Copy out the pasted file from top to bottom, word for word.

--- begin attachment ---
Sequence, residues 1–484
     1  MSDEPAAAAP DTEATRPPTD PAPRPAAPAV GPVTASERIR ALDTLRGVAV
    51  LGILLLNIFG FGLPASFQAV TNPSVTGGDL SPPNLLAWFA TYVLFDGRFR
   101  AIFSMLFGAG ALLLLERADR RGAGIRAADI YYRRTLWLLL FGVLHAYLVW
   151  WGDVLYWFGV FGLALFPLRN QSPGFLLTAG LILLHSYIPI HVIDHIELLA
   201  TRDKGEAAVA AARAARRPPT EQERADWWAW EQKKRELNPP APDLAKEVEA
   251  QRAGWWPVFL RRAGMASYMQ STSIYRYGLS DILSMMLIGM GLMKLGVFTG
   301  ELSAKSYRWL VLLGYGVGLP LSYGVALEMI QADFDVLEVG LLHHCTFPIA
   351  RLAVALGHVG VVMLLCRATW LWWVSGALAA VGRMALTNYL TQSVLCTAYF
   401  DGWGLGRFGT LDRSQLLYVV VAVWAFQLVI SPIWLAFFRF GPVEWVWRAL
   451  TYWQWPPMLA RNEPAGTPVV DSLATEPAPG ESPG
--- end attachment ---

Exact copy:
Sequence, residues 1–484
     1  MSDEPAAAAP DTEATRPPTD PAPRPAAPAV GPVTASERIR ALDTLRGVAV
    51  LGILLLNIFG FGLPASFQAV TNPSVTGGDL SPPNLLAWFA TYVLFDGRFR
   101  AIFSMLFGAG ALLLLERADR RGAGIRAADI YYRRTLWLLL FGVLHAYLVW
   151  WGDVLYWFGV FGLALFPLRN QSPGFLLTAG LILLHSYIPI HVIDHIELLA
   201  TRDKGEAAVA AARAARRPPT EQERADWWAW EQKKRELNPP APDLAKEVEA
   251  QRAGWWPVFL RRAGMASYMQ STSIYRYGLS DILSMMLIGM GLMKLGVFTG
   301  ELSAKSYRWL VLLGYGVGLP LSYGVALEMI QADFDVLEVG LLHHCTFPIA
   351  RLAVALGHVG VVMLLCRATW LWWVSGALAA VGRMALTNYL TQSVLCTAYF
   401  DGWGLGRFGT LDRSQLLYVV VAVWAFQLVI SPIWLAFFRF GPVEWVWRAL
   451  TYWQWPPMLA RNEPAGTPVV DSLATEPAPG ESPG